LifeOfWriters is very pleased with our interview with the award winning author Rhonda McKnight. She is the author of several award-winning novels and Black Expressions Top 20 bestsellers, including An Inconvenient Friend, What Kind of Fool and Breaking All The Rules. She is the winner of the 2015 Emma Award for Inspirational Romance of the Year. She is also an eidtor and writing coach. Read her inspiring answers and writing tips below.
Can you describe your writing process? And where do you write?
It involves speed. I must write fast because I HATE draft writing. Draft writing is unpredictable and stressful. That is not the fun part to me. I must get it over with. So, I draft write hard and fast and ugly. I write wherever and whenever I can. I do most of my writing in my home office, but as often as I can I try to write away from home. This doesn’t mean at the beach or a cabin in the mountains. I wish. I’m talking Starbucks, a local restaurant, or the public library. I’m easily distracted at home. There’s laundry and cleaning to be done there. There’s also a television and a bed in that place. Leaving as often as possible until I reach the middle of my book really helps. Once I move midway through a project, I’m good to the end. I’m a finisher. And then I get to the fun part - revision.
Do you plan before you start writing? If so how do you do it?
I am a plotter. I write the first chapter or so as it comes to me, but then I put the brakes on and plot the story. I find that I write faster when I know exactly where my book is going and most of the major points of conflict. (I’ve already shared I have to write fast.) I do a pretty skinny outline. I have no idea where I discovered the method, but it has worked for me through the last 9 of my 12 projects. I decide 10 events that will happen in the story. Then I break those 10 down to 20, and I try to squeeze out another 10. The goal for a novel is 30. Each “event” usually represents a chapter. If I’m only writing a novella, I go for 12-15 chapters. Pretty simple, right? It takes a lot of brain power and tea and chocolate and creativity to get to 30. A lot.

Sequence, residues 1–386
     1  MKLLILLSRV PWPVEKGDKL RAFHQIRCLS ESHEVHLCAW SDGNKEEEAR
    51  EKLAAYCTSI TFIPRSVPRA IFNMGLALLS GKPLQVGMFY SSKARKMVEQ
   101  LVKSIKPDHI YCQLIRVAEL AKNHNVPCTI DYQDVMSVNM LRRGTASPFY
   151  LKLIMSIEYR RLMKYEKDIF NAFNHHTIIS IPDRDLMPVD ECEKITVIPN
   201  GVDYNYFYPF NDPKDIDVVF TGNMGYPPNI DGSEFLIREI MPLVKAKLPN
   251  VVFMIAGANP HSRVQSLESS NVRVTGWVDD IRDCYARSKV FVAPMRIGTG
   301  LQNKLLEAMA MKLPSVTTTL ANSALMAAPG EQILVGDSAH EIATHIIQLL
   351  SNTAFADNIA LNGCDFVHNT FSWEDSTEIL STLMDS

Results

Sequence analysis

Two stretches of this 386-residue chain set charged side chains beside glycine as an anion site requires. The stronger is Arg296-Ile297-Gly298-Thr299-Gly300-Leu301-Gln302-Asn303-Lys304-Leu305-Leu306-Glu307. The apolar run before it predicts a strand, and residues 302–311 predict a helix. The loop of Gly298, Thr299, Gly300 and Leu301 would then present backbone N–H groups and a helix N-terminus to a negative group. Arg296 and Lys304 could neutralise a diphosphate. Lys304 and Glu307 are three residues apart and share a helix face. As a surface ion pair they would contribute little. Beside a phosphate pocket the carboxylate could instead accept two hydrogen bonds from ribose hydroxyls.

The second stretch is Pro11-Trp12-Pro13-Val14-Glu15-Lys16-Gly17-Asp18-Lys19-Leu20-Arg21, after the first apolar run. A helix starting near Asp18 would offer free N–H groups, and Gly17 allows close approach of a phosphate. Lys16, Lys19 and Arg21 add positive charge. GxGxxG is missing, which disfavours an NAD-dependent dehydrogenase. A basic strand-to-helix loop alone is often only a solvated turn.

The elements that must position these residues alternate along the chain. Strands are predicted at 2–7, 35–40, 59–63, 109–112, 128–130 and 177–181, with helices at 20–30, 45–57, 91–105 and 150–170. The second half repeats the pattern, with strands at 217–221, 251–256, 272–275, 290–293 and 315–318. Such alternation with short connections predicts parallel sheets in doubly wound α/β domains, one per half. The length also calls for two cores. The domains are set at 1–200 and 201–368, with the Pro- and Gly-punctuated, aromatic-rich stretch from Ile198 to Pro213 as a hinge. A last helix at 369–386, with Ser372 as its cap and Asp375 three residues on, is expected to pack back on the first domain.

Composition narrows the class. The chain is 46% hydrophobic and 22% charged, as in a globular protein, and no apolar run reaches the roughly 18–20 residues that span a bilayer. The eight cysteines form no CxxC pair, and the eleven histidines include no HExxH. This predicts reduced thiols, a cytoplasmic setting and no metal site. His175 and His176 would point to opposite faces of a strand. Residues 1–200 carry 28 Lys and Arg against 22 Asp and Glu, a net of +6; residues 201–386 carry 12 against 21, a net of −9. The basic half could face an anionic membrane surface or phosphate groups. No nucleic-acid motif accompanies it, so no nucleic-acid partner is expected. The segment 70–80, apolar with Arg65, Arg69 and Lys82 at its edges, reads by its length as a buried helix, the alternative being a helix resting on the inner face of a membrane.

What is your favorite part of writing?
Developing characters. I actually struggle with writing until I know pretty much everything there is to know about my people. I used to want to be a family therapist. I think this is my way of working out that long abandoned dream. I create people and fix them in books.
What is your favorite thing about being an author?
Reader feedback. I love hearing from readers on social media and through emails. I also meet with a good number of book clubs. They feed me, buy me gifts, and treat me really good. Seriously, celebrity stuff aside, I love writing Christian fiction. I believe the messages in my stories are life-changing, inspiring, and solidly inspired by the Holy Spirit and scripture. Being a faith-based writer is a big responsibility, but it’s also a blessing. In this respect, that reader feedback about how the stories moved them can’t be compared to anything else.
What would be your top 5 writing tips?
Study the craft of writing, attend a writer’s conference, network with other writers, find an accountability partner, and find get some real feedback. Not mom or your spouse, even if they’re a reader. A critique system is essential, be it beta readers, a critique group or a developmental editor like myself. I hadn’t mentioned it before, but I’m an editor too. I told you I love revision. Bonus tip 6 – Grow. Never stop learning about the craft or your readers. Find out what they want and give it to them.
What do you read at the moment?
I love reading Christian fiction. At the moment, I’m reading Christmas stories. The hope, love, and faith in the stories is giving me life right now. My new love is historical fiction by African-American authors. I’ve always loved historical romance, but finding inspirational historical about characters who look like me had been a challenge. Piper Hugley and Vanessa Riley are my new favorite writers. Thankfully, they both keep churning out books. I also enjoy a good mail-order bride story from time to time and mysteries by Sandra Brown and Pamela Samuels Young.
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